170   the department would take resources away from those programs, weakening them and ultimately doing a
171   disservice to the large number of students served by those programs.
172
173



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      B.S. in Clinical Science, Discontinuance                                                        Final 11/06/09


174   1d) Quality of the program’s faculty.
175           The Biology faculty members who currently teach the classes associated with the Microbiology
176   major are excellent. They each have active laboratories in which undergraduate and graduate students
177   perform research. Several faculty members have active, extramurally funded grants and publish papers
178   in peer-reviewed journals with student co-authors, in addition to regularly presenting their research at
179   professional meetings.
180
181   2) Enhancement of the University’s reputation.
182           The quality of the B.S. Clinical Science program currently does little to enhance the reputation of
183   SFSU. There are only a few faculty directly associated with the program and they are best recognized for
184   their basic research in biology, virology and infectious diseases rather than for their research in Clinical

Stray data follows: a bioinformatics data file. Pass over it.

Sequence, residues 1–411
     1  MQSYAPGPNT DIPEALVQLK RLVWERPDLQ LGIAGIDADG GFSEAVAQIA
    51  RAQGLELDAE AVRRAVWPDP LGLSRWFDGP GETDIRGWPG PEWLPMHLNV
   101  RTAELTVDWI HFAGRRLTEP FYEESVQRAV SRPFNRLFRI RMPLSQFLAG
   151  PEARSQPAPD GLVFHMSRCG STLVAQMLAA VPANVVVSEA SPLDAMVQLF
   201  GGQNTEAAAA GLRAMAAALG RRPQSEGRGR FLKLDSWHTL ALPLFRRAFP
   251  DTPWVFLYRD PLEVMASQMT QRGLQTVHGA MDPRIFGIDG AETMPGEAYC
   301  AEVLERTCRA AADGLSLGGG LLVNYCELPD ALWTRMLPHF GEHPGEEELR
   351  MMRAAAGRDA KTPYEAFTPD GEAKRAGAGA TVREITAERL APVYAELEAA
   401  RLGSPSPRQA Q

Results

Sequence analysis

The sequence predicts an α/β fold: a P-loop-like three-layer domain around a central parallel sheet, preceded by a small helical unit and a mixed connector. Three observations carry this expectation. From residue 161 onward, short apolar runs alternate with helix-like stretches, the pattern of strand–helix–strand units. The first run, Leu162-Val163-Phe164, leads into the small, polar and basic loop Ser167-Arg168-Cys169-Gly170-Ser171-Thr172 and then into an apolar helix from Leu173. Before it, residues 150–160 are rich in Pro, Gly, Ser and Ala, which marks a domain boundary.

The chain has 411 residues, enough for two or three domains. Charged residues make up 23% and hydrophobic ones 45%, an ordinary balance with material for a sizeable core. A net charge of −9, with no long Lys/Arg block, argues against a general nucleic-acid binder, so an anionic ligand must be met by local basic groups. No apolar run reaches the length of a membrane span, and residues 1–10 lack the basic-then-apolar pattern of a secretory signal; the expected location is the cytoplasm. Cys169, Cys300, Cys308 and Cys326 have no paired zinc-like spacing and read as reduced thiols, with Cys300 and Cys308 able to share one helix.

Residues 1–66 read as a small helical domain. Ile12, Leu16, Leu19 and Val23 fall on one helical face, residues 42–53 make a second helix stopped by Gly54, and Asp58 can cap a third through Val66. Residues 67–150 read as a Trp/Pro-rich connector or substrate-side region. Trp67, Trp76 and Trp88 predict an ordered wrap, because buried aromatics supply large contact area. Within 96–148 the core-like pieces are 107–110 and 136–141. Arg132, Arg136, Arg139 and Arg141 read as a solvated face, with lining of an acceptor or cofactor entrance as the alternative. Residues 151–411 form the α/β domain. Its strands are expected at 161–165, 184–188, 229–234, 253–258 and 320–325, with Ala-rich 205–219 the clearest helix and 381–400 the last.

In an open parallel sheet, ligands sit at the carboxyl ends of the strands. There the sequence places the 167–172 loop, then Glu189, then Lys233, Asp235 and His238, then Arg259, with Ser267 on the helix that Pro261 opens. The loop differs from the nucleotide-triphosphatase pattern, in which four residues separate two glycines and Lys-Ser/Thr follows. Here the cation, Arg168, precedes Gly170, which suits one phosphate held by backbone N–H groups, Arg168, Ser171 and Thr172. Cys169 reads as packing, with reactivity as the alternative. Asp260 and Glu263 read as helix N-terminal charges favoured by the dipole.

185   Science per se. The biology department as a whole is also not recognized for this major; the biology
186   department is far better known for its excellence in ecology, microbiology, cell and molecular biology and,
187   more recently, training in stem cell research.


188   C. Efficiency and Demand for the Program
189   1. Costs and Impact on FTES, FTEF
190           Aside from SFSU, only two universities within the CSU system have biology departments that
191   offer a baccalaureate degree in clinical science: CSU Channel Islands and CSU Northridge. Five other
192   CSU schools (Chico, East Bay, Los Angeles, Sacramento and Stanislaus) offer either microbiology
193   programs that have clinical science tracks or have clinical science concentrations within a general BS
194   Biology degree. There is sufficient variability within these programs that cost comparisons between them
195   and the current San Francisco State BS Clinical Science program are impractical. It is notable, however,
196   that five of the seven campuses currently offering clinical science programs do so without incurring the
197   costs of offering it as an independent major. Hence, there is precedent within the CSU system for
198   incorporating the Clinical Science program at SFSU into the Biology Department’s primary BS degree.
199   This will increase the efficiency with which the Biology Department can offer students the prerequisite
200   courses necessary for entry into clinical laboratory science certification programs. First, it will allow the
201   department to offer fewer required laboratory courses over all. Students who wish to pursue admission to
202   a CLS program could do so with a few as 4 upper division laboratory courses. At present, however, they
203   are required to take eight upper division laboratories. Laboratory courses are traditionally the most
204   expensive classes offered by the biology department due to the small number of students per section and
205   the significant expenses associated with the purchase of materials and preparation for the classes.